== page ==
This is compounded by the fact that the 2021 Progress in International Reading Literacy Study test results found 81% of Grade 4 children cannot read for meaning in any language.
This is compared to 78% measured during 2016. While the Covid-19 pandemic was cited as a potential cause for the drop in results, EE noted them as proof positive of challenges to education quality.
Challenges and recommendations
Schooling under Unusual Conditions found that the country still faces significant challenges to improve the education system despite the work done since the fall of apartheid 30 years ago. Infrastructure backlogs continue to set the path for many of the country’s learners despite teachers’ efforts.
The report that the learning crisis that resulted disproportionately affects learners from marginalised communities. Further, this impacts their constitutional right to basic education which is exacerbated by South Africa’s poor international standing in basic skills like literacy and numeracy.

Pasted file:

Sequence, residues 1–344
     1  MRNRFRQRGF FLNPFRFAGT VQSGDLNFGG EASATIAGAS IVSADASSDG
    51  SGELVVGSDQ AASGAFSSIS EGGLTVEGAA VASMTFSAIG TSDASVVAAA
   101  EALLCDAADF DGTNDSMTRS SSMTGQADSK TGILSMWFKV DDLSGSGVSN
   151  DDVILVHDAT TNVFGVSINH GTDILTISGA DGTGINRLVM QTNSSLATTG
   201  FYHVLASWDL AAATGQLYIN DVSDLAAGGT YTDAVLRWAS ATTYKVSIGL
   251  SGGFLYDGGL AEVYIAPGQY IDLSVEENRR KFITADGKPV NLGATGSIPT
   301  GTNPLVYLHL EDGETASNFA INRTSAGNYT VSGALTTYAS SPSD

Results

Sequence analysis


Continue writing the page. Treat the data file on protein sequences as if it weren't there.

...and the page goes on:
The report recommends the following to address the crisis:
Education departments must urgently fulfil their legal obligations in terms of the Norms and Standards for School Infrastructure and eradicate infrastructure backlogs to ensure all schools can deliver quality schooling for learners National Treasury must prioritise and provide progressive infrastructure funding, as well as ensure efficient spending by education departments, implementing agents and contractors involved in infrastructure provisioning to schools.
The Department of Basic Education must develop Binding School Capacity Norms to ensure an ideal distribution of learners across schools to avoid overcrowding conditions Provincial education departments must develop a forward-looking infrastructure plan that puts an end to current overcrowding and prevents future overcrowding